As part of their transparency efforts, Google reports the requests. Lumen, a project of Harvard’s Berkman Center for Internet & Society (formerly called Chilling Effects), collects and publishes many of these requests. When Google does remove results, it provides a link to the URL where it’s preserved on Lumen, to questionable effect.
In the News
Let’s say, though, that the whole Hippocratic oath thing doesn’t work out. What are we really looking at? A next-generation consumer advocacy battle, one in which a victory depends not on class action lawsuits or government oversight but on popular awareness and education. The ultimate goal would be getting consumers to “vote with their feet,” says Vivek Krishnamurthy, clinical instructor at Harvard Law School’s Cyberlaw Clinic. He cites the digital civil liberties groups’ attempts to create a “nutrition label” for privacy. Indeed, Harris believes in “public awareness first,” more than a possibly nebulous oath.
“There is really no risk to to sharing it,” Rey Junco, a fellow at Harvard’s Berkman Center for Internet & Society, told NBC News.It doesn’t take that much effort to copy, paste and share something. If it turns out to be false, there are no negative consequences (aside from annoying your friends). If it’s true, you get money from Zuckerberg.
Bruce Schneier, the Chief Technology Officer at www.resilientsystems.com also pointed at media as a source of misperception “The news has to report terrorism – and the more breathless the reporting, the better,” Schneier, a fellow at Harvard University’s Berkman Center, told The Media Line. The more journalists and politicians talk about terror the more the perception of its danger grows, he said, adding “we are all complicit in its effectiveness.”
This shift has long been predicted – for example by Jonathan Zittrain in his book The Future of the Internet – and How to Stop It,
Don’t feel too bad if you fell for it. There are perfectly legit reasons why you and lots of others have, according to one expert. There’s lack of tech savvy, a little laziness, and a bit of paranoia at play, says Rey Junco, a faculty associate at the Berkman Center for Internet and Society at Harvard. On top of that, everyone has a different level of “ego investment,” Junco said.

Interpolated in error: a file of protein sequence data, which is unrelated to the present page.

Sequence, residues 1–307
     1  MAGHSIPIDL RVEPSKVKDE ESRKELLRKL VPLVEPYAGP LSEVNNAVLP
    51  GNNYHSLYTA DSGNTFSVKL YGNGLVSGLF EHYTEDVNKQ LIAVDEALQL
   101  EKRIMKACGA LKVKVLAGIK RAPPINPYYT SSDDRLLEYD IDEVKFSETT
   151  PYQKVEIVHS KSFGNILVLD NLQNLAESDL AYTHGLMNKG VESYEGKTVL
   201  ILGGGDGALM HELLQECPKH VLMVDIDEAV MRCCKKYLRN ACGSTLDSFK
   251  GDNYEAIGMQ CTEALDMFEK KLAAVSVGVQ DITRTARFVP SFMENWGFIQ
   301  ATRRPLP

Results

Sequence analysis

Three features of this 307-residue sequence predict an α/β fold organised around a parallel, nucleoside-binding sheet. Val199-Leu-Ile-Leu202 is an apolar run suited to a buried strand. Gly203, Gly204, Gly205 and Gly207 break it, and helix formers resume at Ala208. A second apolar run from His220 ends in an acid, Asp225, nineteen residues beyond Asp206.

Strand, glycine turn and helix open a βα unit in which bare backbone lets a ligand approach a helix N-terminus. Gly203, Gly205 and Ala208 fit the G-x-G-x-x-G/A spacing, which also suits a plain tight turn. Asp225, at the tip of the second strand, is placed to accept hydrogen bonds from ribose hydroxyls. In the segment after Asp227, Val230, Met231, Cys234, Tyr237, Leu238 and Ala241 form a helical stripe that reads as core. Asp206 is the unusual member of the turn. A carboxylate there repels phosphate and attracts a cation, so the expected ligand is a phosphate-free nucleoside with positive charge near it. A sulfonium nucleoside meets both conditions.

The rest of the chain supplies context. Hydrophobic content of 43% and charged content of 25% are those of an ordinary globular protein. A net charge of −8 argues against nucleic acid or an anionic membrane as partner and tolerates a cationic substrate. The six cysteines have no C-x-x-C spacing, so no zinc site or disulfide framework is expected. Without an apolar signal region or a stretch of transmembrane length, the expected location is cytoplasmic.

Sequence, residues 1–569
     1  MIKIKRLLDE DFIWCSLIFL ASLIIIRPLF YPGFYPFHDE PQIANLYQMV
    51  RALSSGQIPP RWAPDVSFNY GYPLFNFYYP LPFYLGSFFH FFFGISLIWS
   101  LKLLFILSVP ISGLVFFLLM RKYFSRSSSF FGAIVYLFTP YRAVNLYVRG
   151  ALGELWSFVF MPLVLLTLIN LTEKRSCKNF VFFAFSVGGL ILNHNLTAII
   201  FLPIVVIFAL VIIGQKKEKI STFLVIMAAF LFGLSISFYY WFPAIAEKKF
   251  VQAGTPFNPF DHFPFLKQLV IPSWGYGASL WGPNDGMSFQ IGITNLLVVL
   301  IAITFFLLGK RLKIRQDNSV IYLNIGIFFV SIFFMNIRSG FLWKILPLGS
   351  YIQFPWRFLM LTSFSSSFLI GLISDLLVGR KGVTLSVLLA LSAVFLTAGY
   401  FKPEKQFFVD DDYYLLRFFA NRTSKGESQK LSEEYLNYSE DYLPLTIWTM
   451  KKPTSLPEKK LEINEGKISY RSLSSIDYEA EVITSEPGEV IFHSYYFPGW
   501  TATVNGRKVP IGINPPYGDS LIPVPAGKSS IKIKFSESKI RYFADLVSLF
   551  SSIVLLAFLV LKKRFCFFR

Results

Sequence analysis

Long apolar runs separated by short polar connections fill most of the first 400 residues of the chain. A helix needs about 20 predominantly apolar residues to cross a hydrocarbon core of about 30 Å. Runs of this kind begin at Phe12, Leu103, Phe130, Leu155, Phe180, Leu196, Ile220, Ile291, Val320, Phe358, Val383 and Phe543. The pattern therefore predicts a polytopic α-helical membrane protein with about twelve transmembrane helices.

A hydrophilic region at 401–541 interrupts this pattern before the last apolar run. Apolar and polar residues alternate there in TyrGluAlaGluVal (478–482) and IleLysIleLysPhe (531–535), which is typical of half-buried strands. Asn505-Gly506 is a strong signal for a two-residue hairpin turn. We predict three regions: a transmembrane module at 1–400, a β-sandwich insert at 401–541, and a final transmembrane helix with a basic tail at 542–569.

That, says Judith Donath, a fellow at Harvard University’s Berkman Center for Internet and Society who studies social media and identity, is a real problem for young people.”There’s an enormous audience on social media, but it’s also when you see people face-to-face, you might see five people have heard something you know, thats basically the limit,” Donath said. “Online, it can extend in an infinite direction in both time and space.”
“The lack of that data had a significant effect on how people viewed the law enforcement system in this country, how do you hold that system accountable if you don’t know what it’s doing?” said Clarence Wardell, a Presidential Innovation Fellow and affiliate of Harvard’s Berkman Center for Internet and Society.
Mr. Battles’s “Palimpsest: A History of the Written Word” is in part an explanation of how it was possible for “a craft so sophisticated and cognitively demanding to knit itself securely into our quotidian ways.” To tell the story of the history of writing, the author, a fellow at the Berkman Center for Internet and Society at Harvard, draws on evolutionary psychology, anthropology, linguistics and old-fashioned story telling. This fascinating exploration of the evolution of writing shows how, despite radical technological changes, the practice maintains its atavistic mystery.
Source: The Mystical Writing Pad – WSJ